Episode 11 : Being an Entrepreneur When You’re a Doctor
Co-founder of the first self-serve online medical appointment making software and former CEO of the Tiny Tots children’s clinics, Ben Burko is the true definition of a “Doctrepreneur”. His entrepreneurial journey started at age 13 and was definitely challenged at the beginning of his medical career. In this episode, see how he used lateral thinking and innovation to combine his abilities for seizing business opportunities to his profession as a pediatrician.
Ben’s Growth Story Book Title:
Think Laterally and Write Literally
“Everything that crosses my path, everything I read, every patient I see, I think might be useful to me eventually. Things I’ll see in other industries, some other trade shows, lectures… I ask myself, is there any way to redo it and make it mine to make myself better and more efficient. My mind is always open to opportunities.”
What you’ll learn:
- Ben has a gift for photography. From age 13, he was running a small photography and videography business as his student job. By the time he graduated from high school, he was the first one of his friends to have a car.
- Ben takes notes every day of the interesting things he sees as part of his efforts to think laterally.
- In his early twenties, Ben lost the 20 thousand dollars he had invested in a car repair franchise. From this experience, he learned the valuable lesson of not investing in something you’re not able to control or don’t have knowledge about.
- Having just started medical school, straight-A student Benjamin failed his first exam ever. The dean of students told him he would have to let go of his photography business in order to succeed in the program. Ben kept the business going and became extremely disciplined instead.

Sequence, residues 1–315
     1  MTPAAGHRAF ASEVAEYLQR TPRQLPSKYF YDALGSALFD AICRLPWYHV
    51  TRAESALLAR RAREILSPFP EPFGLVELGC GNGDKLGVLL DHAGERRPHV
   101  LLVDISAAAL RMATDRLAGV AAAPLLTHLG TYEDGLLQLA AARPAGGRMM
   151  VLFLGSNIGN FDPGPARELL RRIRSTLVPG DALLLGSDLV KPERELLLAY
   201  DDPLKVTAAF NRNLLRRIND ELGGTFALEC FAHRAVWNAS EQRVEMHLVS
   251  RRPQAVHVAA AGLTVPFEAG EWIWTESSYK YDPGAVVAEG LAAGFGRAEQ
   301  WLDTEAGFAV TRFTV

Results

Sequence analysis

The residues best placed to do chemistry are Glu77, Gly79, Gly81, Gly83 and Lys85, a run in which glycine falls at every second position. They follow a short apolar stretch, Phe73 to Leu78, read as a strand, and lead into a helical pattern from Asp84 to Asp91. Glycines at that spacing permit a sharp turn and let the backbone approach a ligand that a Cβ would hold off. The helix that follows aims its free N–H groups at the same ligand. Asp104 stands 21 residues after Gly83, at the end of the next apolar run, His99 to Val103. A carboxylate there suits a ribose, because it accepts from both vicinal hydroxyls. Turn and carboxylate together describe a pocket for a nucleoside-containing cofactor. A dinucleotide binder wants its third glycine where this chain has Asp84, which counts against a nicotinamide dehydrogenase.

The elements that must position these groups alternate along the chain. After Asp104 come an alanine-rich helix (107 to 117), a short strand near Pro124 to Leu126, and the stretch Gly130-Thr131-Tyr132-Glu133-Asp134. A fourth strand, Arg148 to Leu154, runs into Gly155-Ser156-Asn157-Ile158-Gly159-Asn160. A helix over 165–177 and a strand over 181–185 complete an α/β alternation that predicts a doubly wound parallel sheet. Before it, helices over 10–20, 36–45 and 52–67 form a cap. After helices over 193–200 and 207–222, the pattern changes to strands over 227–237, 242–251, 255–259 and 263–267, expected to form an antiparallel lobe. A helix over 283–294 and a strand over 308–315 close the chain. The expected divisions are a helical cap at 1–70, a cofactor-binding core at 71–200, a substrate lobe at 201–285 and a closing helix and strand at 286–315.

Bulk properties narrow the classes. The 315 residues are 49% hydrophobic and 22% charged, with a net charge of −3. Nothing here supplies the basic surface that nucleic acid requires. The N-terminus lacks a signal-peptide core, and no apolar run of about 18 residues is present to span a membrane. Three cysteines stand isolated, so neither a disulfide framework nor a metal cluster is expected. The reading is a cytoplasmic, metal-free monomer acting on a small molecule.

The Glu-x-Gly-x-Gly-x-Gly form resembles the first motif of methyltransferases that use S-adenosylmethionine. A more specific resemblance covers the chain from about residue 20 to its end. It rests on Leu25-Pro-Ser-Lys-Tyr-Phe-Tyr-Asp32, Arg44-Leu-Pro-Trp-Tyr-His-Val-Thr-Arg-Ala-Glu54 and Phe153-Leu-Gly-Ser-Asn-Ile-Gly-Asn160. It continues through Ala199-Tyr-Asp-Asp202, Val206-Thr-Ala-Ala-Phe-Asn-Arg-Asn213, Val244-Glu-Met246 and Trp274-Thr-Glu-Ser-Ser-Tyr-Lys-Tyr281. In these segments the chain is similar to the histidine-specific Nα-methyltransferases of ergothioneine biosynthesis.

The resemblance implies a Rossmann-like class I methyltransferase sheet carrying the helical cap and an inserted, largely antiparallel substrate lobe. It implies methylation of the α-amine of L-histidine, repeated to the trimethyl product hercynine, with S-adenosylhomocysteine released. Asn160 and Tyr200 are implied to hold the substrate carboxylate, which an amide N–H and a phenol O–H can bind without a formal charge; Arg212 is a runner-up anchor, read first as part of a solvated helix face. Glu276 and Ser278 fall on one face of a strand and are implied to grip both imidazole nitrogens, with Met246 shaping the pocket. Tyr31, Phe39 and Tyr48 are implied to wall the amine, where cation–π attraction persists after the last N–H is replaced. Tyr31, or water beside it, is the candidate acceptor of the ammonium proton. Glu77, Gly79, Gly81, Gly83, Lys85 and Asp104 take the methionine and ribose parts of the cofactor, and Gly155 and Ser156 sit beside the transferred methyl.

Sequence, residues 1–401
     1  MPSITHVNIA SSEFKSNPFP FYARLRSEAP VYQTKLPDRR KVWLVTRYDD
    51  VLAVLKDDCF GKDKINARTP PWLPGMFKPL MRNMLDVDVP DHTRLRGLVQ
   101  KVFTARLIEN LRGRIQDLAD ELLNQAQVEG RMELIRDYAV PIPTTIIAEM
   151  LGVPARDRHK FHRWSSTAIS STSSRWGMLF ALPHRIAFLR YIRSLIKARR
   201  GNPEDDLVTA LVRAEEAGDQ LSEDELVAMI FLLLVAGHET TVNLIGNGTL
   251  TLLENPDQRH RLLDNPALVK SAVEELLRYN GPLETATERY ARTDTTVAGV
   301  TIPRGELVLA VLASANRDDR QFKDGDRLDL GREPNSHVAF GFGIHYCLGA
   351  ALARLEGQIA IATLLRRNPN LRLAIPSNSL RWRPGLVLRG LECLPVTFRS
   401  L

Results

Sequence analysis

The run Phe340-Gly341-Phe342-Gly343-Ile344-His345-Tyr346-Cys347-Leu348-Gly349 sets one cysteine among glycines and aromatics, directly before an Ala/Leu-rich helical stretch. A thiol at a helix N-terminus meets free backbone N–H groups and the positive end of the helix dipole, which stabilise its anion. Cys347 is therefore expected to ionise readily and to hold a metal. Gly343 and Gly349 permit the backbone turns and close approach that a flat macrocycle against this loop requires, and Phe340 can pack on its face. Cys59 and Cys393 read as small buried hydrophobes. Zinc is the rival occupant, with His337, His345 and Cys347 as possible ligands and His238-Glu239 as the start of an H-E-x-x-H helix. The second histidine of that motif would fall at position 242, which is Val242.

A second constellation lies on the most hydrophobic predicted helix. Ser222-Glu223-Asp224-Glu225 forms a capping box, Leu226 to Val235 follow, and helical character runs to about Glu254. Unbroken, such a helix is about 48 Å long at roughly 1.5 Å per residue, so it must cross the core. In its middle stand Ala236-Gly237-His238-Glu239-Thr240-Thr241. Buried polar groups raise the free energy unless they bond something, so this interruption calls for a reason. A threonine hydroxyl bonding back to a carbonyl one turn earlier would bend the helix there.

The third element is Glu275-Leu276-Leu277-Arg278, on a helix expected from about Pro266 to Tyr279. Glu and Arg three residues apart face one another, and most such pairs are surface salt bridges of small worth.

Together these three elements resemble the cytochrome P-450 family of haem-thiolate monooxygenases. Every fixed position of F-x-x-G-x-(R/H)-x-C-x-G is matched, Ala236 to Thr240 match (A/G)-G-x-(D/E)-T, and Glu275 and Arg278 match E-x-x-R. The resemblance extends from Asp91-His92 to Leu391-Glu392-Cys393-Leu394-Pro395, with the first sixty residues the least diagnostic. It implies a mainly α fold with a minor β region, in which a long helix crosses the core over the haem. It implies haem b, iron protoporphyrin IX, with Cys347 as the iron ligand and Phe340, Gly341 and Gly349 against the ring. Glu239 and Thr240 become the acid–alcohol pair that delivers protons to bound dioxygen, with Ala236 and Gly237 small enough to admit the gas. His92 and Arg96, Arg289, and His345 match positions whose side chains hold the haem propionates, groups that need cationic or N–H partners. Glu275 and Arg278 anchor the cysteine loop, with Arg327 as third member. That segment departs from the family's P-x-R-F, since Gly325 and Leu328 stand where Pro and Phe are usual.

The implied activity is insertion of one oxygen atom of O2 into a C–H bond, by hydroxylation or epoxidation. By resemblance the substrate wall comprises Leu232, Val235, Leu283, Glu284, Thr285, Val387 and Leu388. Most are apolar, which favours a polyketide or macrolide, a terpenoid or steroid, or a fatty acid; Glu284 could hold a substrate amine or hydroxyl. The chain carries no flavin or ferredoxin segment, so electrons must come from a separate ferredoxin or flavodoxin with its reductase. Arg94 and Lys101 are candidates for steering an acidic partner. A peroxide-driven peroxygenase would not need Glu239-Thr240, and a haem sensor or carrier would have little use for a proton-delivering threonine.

- Throughout his successful career as a doctor, Ben’s videography career flourished as well. He did documentaries and plenty of other great projects.
- “The entrepreneur part of my journey was a combination of talent, and luck, and desire to do something immediately.” – Ben explaining how he became such a successful entrepreneur… even though he was a doctor.
- “How do I do what I’m doing now, but better. How do I make more money at it?” – Ben’s business process re-engineering-a marketing success.
- “A key point in my story is innovation: how do I do this better than the next person? What can I do differently to distinguish myself?” – Referring to the importance of lateral thinking and innovating in his life and success.
- “It’s not what you know, it’s who you know.” – Ben’s late father said this to Ben and it turned out to be very true for him as he benefited so much from the great contact network he built through working alongside others in philanthropic endeavours.
05:19 – Ben grew up in Côte-Saint-Luc, Montreal, raised by his father as he was a child of divorce.
05:42 – Ben’s father was a professional musician, so they had an amazing cultural life at home, but not a lot of money. Ben attended a private Jewish school thanks to tuition assistance.
10:40 – At only 13, Ben was getting paid to work as a photographer at various events. By the time he was 14, he had completed over 25 gigs.
12:54 – He got his first 35 mm SLR camera as a Bar Mitzvah gift from a cousin.
20:00 – Benjamin Burko attended McGill University.
20:36 – Ben volunteered in a project to create a multimedia show for his high school graduation. He produced it at a community center which had a lot of multimedia equipment that schools were allowed to use called the Education Resource Center. The executive director walked in there while Ben was working and saw his work… this got Ben a job at the center.
41:00 – Early in his medical career, Benjamin Burko worked at the Montreal Children’s Hospital. He was attracted to working in the emergency room because of the shift work schedule (which worked great with having side projects) and the fast-paced environment. After an initial 18 months, he realized he hated the hospital environment because it wasn’t efficient.
46:20 – After switching his medical focus to Ambulatory clinics, Ben launched a start-up division in Pediatrics at an established Montreal-based Adult clinic called Physimed.
57:20 – When his software project started, Ben realized he didn’t have the skill set to bring the project to market and lead all the operations, so he took a 2-year Project Management course at McGill.
01:09:40 – Ben is also an associate professor of medicine at McGill.
01:21:20 – Even when the clinic switched to voluntarily financial contribution, 83% of clients still continued to pay the 10$ fees.